Any observer of Middle East politics quickly learns the meaning of duplicity.
The supposedly dissident Saudi Arabian journalist, Jamal Khashoggi, entered the Saudi consulate in Istanbul on October 2 but didn’t come out in one piece. It is alleged that he was murdered by a team of Saudis flown in for that purpose, and who left rapidly after completing their work. Turkish sources claim that among their luggage were bone saws to dismember the victim’s body.
It is clear that the Saudi authorities have committed a criminal act to suppress a dissenting voice. That Saudi Arabia suppresses opposition is no surprise. The apparent murder of a journalist such as Khashoggi, though appalling, is hardly unusual in the region.
The changing stories emerging from Saudi show a ruling group unable to grasp that the western media could be outraged by the murder of a journalist who wrote for a major western newspaper, the Washington Post. After all, it happens all the time at home.
Firstly, it was claimed Khashoggi left the consulate a free man. CCTV film released by the Turkish authorities shows Khashoggi supposedly exiting, though in the space of ninety minutes he appears to have grown a mop of dark hair.
We were then given the supposed admission that Khashoggi had indeed died in the consulate after engaging in a fight with fifteen men who were ‘rogue killers’ within the Saudi intelligence community.
It is difficult to believe that an authoritarian regime would somehow be so lax as to permit serious and easily detected criminal activity by unauthorised personnel in the heart of one of its most sensitive consulates. The death of Khashoggi is more likely to have been a botched attempt to return him to Saudi Arabia than a deliberate attempt at murder.
Saudi’s de facto ruler, Crown Prince Mohammad bin Salman (often known as MBS) has spent millions in propagating an image as a reformer. Up till now it has been money well spent. Politicians, academics and the media have swallowed his PR and hailed him as their favourite liberalising voice in the Middle East.
The 2017 US State Department human rights report catalogued an extensive inventory of Saudi’s low regard for human rights and individual liberties, including arbitrary arrest and torture.
In the eyes of some, allowing women to drive cars (when accompanied by a man) and to go to the cinema appeared to counterbalance launching a four-year war on neighbouring Yemen. That country has been devastated with uncounted civilian casualties and the destruction of infrastructure as MSB created the world’s worst humanitarian crisis today without achieving any of his vaguely stated goals.
Turkey’s president Recep Tayyip Erdoğan has grasped this opportunity and is doing his best to destroy Saudi Arabia’s reputation. The two countries have never been good friends. In the days of the Ottoman empire Turkey ruled Arabia, and neither side has forgotten it. In the 2017 diplomatic conflict over Qatar and its support for Islamist terrorism and the Muslim Brotherhood, Saudi Arabia censured Qatar while Turkey took the Qatari side.
Khashoggi had close links with Erdoğan’s Turkey. His fiancée, a Turkish diplomat, is the daughter of a former adviser to Turkey’s Islamist president. Khashoggi had started tweeting pictures of himself with Erdoğan advisers.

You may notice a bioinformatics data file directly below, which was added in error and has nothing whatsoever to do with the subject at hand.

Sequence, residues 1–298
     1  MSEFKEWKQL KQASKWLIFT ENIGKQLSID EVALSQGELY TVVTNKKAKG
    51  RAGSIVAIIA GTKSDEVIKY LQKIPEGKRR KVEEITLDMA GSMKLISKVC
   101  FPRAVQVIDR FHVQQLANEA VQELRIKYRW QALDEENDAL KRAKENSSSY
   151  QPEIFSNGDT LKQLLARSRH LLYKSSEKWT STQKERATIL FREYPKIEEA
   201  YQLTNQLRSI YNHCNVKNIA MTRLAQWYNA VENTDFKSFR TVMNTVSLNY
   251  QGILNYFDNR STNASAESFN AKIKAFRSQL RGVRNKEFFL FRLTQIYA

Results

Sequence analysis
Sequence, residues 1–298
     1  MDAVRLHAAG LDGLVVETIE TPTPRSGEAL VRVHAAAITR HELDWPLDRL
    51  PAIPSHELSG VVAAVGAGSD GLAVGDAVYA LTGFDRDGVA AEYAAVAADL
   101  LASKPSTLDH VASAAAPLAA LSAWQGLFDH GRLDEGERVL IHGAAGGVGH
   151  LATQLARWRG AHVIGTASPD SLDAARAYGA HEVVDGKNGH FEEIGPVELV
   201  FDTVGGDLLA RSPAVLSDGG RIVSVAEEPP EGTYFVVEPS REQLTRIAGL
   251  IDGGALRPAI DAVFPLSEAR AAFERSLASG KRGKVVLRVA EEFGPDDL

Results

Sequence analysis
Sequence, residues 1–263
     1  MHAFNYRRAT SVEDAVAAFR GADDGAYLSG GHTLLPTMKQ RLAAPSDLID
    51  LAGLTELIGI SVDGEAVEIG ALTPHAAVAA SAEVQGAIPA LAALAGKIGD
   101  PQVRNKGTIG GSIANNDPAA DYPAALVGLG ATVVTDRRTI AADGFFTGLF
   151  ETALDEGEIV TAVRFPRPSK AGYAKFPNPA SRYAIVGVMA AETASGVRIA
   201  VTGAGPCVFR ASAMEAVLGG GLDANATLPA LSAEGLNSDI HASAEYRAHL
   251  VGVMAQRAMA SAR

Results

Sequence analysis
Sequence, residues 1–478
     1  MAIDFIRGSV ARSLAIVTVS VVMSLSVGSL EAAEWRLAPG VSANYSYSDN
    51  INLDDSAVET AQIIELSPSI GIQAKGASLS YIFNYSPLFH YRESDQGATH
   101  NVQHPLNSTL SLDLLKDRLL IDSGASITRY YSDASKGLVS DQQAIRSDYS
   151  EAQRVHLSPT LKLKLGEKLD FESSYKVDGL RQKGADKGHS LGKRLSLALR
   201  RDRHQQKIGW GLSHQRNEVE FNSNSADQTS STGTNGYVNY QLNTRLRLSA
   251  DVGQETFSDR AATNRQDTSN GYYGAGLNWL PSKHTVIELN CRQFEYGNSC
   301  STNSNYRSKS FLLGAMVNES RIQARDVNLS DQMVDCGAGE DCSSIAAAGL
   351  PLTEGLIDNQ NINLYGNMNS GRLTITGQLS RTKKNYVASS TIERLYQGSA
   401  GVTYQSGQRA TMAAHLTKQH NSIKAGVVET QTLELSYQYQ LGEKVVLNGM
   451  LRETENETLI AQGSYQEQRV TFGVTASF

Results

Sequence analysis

He was also planning to start a Turkish centre, funded by the Turks and the Qataris, agitating for change in Saudi Arabia. Many of the dissenters he was championing were Islamists opposed to the attempts by MBS to modernise Saudi economy and society.
Throughout the supposed ‘Arab Spring’, the West bought into the fallacy that opposition to Arab authoritarianism indicated a burning desire to establish democracy and human rights. In too many instances it meant instead a desire for the freedom to destroy freedom through implementing totalitarian radical Islam.
USA Today reports that Khashoggi was friendly with al-Qaeda leader Osama bin Laden, a fellow Saudi. After bin Laden’s death in 2011, Khashoggi tweeted that he ‘collapsed in tears’, saying the architect of the 9/11 attacks had been ‘brave and beautiful in Afghanistan’ before he ‘succumbed to anger’ at the West years later.
Khashoggi’s Islamist ties indicate that his opposition to Saudi Arabia’s present course was not necessarily born from a desire for democratic reform. His objections could have emerged from a resentment that MSB was not Islamic enough.
The Islamist Erdoğan is busy forging strategic relationships with Russia and China, and attempting to work around sanctions against his ally Iran. It helps his purposes to weaken Saudi Arabia by convincing the western press that Saudi Arabia is the most malevolent threat in the region.
By putting pressure on Saudi Arabia over the Khashoggi incident, Erdoğan is hoping to fracture Saudi’s relationship with the West, particularly the USA. Khashoggi has become a pawn in a power struggle over regional leadership.
The New York Times notes: ‘White House officials are worried that the apparent killing of the dissident journalist Jamal Khashoggi, and Saudi Arabia’s changing account of his fate, could derail a showdown with Iran and jeopardize plans to enlist Saudi help to avoid disrupting the oil market.’
When it comes to journalists, Turkey has no moral objection to resorting to imprisonment. Turkey jails more journalists than any other country in the world.
Such are the levels of duplicity in this whole affair that it is doubtful if we will ever learn the truth of what happened, and just as importantly, why.